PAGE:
Mankiw tells us in his most recent NYTimes column that economists agree that Free Trade is good. He links to a poll in which, essentially, mainstream economists of different persuasions, some Keynesian and some not, and different political views, some liberal and some conservative, say that trade agreements are good. He backs his argument by suggesting that theoretically the argument is at the heart of the economics profession since the beginning; I guess an argument of authority.

And no better authority than Adam Smith. Mankiw says:

“The economic argument for free trade dates back to Adam Smith, the 18th-century author of ‘The Wealth of Nations‘ and the grandfather of modern economics. Smith recognized that the case for trading with other nations was no different from the case for trading with other individuals within a society.”

And it is true, Adam Smith was for laissez-faire, in general, and thought that less intervention in trade would be good. But there is in Mankiw’s argument an implication that does not follow from careful analysis of Smith’s doctrines, namely: that Adam Smith can be seen as a forerunner of modern neoclassical trade theory based on the Heckscher-Ohlin-Samuelson (HOS) comparative advantage argument (for the limitations of that theory go here).

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Towards a Better Food System

Empowering Communities and Regulating Corporations

Nora McKeon, Guest Blogger

How we have landed ourselves with a global food system that generates hunger alongside of obesity, and what can we do about it? The universal EXPO 2015 that opened in Milan on May 1 with the theme of “Feeding the Planet, Energy for Life” is placing its bets on “best technologies” and “free trade” to do the job. The US Pavilion’s sponsors include technology vendors like Dow and 3M and proponents of the Transatlantic Trade and Investment Partnership (TTIP) like the U.S. Dairy Export Council, which is seeking to lower EU barriers to antibiotic-plumped U.S. products.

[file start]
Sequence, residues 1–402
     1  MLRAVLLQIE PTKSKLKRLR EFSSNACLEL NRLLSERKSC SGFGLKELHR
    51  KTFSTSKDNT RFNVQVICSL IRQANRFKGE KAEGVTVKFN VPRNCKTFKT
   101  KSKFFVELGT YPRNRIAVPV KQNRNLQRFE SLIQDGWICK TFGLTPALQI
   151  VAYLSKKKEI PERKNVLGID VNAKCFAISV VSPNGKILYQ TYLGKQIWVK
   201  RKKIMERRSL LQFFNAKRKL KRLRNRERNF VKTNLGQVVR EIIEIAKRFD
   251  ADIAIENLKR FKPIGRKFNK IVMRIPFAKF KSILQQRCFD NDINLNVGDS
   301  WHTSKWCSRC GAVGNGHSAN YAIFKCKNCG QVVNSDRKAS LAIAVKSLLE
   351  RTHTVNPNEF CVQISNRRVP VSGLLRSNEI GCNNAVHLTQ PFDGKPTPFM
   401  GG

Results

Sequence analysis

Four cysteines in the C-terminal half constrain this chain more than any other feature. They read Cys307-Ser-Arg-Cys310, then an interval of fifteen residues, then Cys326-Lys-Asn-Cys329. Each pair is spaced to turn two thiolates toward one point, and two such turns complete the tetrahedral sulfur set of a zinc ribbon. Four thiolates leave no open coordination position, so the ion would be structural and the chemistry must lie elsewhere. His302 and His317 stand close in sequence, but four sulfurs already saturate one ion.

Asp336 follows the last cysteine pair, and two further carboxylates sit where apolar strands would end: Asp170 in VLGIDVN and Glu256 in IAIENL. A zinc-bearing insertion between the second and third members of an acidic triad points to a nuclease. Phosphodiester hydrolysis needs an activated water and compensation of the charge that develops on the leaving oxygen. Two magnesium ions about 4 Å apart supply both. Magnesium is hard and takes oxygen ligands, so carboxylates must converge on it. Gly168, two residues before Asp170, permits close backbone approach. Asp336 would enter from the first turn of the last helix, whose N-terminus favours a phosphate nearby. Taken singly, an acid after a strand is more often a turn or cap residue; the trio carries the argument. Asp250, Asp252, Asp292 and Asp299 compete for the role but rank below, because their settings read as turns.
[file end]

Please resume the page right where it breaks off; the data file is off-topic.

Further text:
But the problem really lies elsewhere: over the past three decades, public responsibility for food security has been sold out to markets and corporations while the frontline actors—families, communities and small-scale food producers—have been disempowered. Unprotected by governments, smallholder family farmers are being driven off their land and out of their markets with the allegation that they are inefficient and archaic. Yet, it is they who produce some 70% of the food consumed in the world.

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What’s We’re Writing/What We’re Reading

What We’re Writing

Sunita Narain, How Power Can Be Cleaned

Rebecca Ray, Kevin P. Gallagher, Andres Lopez, and Cynthia Sanborn, China in Latin America: Lessons for South-South Cooperation and Economic Development

Alejandro Reuss, Climate Change: What Is It? What Causes It? What Can We Do About It?

What We’re Reading

Deepankar Basu and Debarshi Das, Profitability in India’s Organized Manufacturing Sector: The Role of Technology, Distribution, and Demand

Nancy Folbre, Accounting for Care: A Research and Survey Design Agenda

Esteban Pérez Caldentey, Miguel Torres and Romain Zivy, Interview on Neo-Structuralism